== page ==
Anal cancer, and the tissue in the anus that it affects, has many similarities to cervical cancer. We do have an existing model of information to rely on — gynecology. Like other health issues, one employs existing knowledge about a disease state until more details of the disease emerge. I readily employ the methods of anal screening and prevention and see it work! My skill as a gynecological practitioner has informed me in the treatment of these HPV-related tissue mutations. Any gay-friendly health care provider interested in providing comprehensive health can do this.

A simple swab in the anus can detect the presence of abnormal cells. “Anal cytology” is an FDA-approved test and it has utility to inform the patient and the clinician about abnormal anal tissue. More precise examination and testing of anal tissue can isolate precancerous lesions and then one of many “ablative” techniques can be employed to remove this mutated tissue in-office. So why aren’t these methods demanded by gay men who are at risk?

I believe that gay men are plague weary from HIV. I believe that we are reluctant to address another health issue related to our sexual practices so just don’t advocate on our behalves. But, I find it astonishing, that in the midst of the HIV pandemic, we are unaware of another important health risk. Clearly, anal cancer prevention means we have to acknowledge we have butt sex. It dredges up the feelings of homophobia that we thought we had dealt with long ago. To screen properly, and to achieve optimal health, we must honestly admit to our sexual practices.

There is, still, a stigma to anal sex even in gay male communities. Bottoms are considered “less than” tops. For some, anal sex is considered “dirty” and therefore shameful. Even though research shows 40% of heterosexual women have engaged in butt sex, gay men are considered to have a corner on the market of this equal opportunity sex organ. Our sex is still considered unnatural. And we continue to own the shame that is contributed to that part of our body.

The anus is a nether region of the body not commonly inspected or felt by health care consumers or their providers. Standards of care for gay men do not always include inspection of the anal canal if one is having anal sex. It would be unconscionable to forego inspection of the vagina in a sexually active woman. Again, we do not apply the same standard of care for gay men’s sexual health that we provide to women. There should be no more shame in having testing for anal cancer than there is for women who have annual cervical Pap smears.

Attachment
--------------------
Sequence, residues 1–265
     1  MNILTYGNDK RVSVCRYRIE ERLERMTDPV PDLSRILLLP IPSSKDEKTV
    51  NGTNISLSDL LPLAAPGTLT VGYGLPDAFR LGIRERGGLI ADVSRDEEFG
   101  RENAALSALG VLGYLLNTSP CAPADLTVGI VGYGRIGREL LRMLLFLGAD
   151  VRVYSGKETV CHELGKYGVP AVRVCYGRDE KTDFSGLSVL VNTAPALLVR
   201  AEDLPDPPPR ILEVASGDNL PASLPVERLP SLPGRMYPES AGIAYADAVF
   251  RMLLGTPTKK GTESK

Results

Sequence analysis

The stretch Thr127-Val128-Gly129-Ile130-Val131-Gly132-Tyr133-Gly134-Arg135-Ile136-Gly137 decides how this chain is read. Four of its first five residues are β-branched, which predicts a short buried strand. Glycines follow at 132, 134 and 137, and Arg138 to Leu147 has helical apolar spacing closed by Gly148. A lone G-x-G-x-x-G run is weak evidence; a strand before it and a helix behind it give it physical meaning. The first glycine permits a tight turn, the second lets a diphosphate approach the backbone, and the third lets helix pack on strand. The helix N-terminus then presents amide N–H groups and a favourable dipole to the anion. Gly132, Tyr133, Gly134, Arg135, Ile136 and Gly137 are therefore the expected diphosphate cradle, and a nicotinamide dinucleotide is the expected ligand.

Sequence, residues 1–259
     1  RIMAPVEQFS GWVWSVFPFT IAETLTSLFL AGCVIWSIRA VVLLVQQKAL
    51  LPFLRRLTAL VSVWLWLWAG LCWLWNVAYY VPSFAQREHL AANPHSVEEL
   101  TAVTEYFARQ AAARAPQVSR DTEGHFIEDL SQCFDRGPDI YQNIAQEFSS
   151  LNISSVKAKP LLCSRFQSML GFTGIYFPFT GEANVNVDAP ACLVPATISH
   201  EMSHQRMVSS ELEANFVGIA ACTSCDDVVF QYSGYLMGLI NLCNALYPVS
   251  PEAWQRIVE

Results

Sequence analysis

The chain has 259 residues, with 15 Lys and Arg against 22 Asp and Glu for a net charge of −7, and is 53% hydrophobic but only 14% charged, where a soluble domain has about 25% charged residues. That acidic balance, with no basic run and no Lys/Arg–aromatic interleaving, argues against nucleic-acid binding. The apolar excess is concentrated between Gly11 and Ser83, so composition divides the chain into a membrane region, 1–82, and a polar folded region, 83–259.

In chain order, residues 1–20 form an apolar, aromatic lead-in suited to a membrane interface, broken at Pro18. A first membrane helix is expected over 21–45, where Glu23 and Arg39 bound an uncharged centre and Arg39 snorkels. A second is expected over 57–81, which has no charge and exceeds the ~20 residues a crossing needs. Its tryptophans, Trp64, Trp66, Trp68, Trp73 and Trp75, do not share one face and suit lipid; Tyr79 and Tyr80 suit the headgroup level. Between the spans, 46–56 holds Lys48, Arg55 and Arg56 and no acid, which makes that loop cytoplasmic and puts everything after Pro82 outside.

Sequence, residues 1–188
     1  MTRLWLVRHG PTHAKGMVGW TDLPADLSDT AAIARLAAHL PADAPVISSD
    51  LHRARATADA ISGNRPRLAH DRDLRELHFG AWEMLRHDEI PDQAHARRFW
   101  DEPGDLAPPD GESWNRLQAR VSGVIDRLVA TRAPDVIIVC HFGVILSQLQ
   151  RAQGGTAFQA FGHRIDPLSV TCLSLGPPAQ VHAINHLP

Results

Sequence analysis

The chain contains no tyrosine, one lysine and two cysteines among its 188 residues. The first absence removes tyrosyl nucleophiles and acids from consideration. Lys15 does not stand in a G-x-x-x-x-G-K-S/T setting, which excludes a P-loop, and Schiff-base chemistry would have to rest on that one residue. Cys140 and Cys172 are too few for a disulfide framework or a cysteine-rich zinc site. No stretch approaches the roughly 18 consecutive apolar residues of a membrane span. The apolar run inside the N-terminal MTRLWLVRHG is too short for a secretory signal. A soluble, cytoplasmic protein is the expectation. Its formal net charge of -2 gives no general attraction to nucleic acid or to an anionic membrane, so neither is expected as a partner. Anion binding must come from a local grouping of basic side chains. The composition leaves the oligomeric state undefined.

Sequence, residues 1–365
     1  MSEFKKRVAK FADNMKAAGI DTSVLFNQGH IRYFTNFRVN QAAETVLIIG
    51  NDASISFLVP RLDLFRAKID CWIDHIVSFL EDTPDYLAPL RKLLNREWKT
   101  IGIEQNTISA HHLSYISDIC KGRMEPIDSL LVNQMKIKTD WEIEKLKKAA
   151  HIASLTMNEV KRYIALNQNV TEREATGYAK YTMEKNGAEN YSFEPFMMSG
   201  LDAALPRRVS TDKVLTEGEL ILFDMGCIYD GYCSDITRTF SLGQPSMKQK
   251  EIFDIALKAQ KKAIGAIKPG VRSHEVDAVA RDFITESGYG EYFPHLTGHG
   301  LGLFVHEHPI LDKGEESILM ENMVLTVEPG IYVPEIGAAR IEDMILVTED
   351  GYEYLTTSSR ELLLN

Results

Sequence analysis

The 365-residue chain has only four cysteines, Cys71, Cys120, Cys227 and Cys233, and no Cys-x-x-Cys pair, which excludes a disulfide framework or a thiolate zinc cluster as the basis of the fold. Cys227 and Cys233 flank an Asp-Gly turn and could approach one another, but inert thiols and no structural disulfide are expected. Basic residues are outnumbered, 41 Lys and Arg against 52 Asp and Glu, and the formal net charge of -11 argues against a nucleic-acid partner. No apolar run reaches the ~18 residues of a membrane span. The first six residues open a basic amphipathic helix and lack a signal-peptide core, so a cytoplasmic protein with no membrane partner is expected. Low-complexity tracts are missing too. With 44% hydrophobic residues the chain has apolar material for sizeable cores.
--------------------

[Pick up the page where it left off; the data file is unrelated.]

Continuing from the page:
Like HIV, nothing related to anal cancer will likely change until gay men speak out. We learned this lesson with HIV. No one is looking out for gay men’s health so we must do it ourselves. It is time to demand changes in the health care system to bring our health screening and prevention methods into the modern age to reflect our risk. We must educate ourselves better about potential health risks, especially those that are ignored by governmental and officious bodies who are going to reflect the climate of the federal administration.

It is time that we become aware of anal health risks and prevention practices. We must do this for ourselves. No on else will.

In a recent letter I wrote to the CDC, I exclaimed my dismay that they were doing nothing helpful to prevent anal cancer in gay men. I explained that I would not be silent. I would continue to dog them as they clearly did not have my ass covered.

For more information visit www.gayhealth.com or www.analcancerinfo.ucsf.edu

This is just an excerpt from this issue of White Crane.   We are a reader-supported journal and need you to subscribe to keep this conversation going.  So to read more from this wonderful issue SUBSCRIBE to White Crane. Thanks!

Jeff Huyett is a nurse practitioner living in NYC. His clinical work has primarily been in queer health with a focus on HIV, rectal and transgender care. He is the Radical Faerie Daisy Shaver and is involved with the development of Faerie Camp Destiny Radical Sanctuary in Vermont and can be reached at JeffANP@aol.com 

Our Bodies is a regular feature of White Crane.

2 thoughts on “WC72 – Our Bodies: HPV & Gay Men”

  1. I had a colonoscpy and endoscopy because ive been having intestinal problems for years. They might have found the problem with my bowels, but during the endoscopy they found condyloma warts at the beginning of my esophagus. They told me it was HPV and i was very shocked, ive only had anal sex with 3 people and I always use condoms. And all i can find is anal or genital HPV warts trying to google it. They are telling me i have to go into surgery to get them removed. Are these the same kind of warts that can cause cancer but just in my esophagus? And do I really need surgery? Im 19 and don’t know if my mom’s insurance will pay for it and dont really want to tell her, oh yes mom i got hpv in my throat because i gave my boyfriends blow jobs.

  2. It was highly contagious.
    –It came on very suddenly and killed very quickly. It was said that
    an infected person could be “dancing at nine o’clock and dead by
    –It was, as the name suggets, characterized by a high fever and sweating.
    –It wasn’t the plague, and it wasn’t smallpox.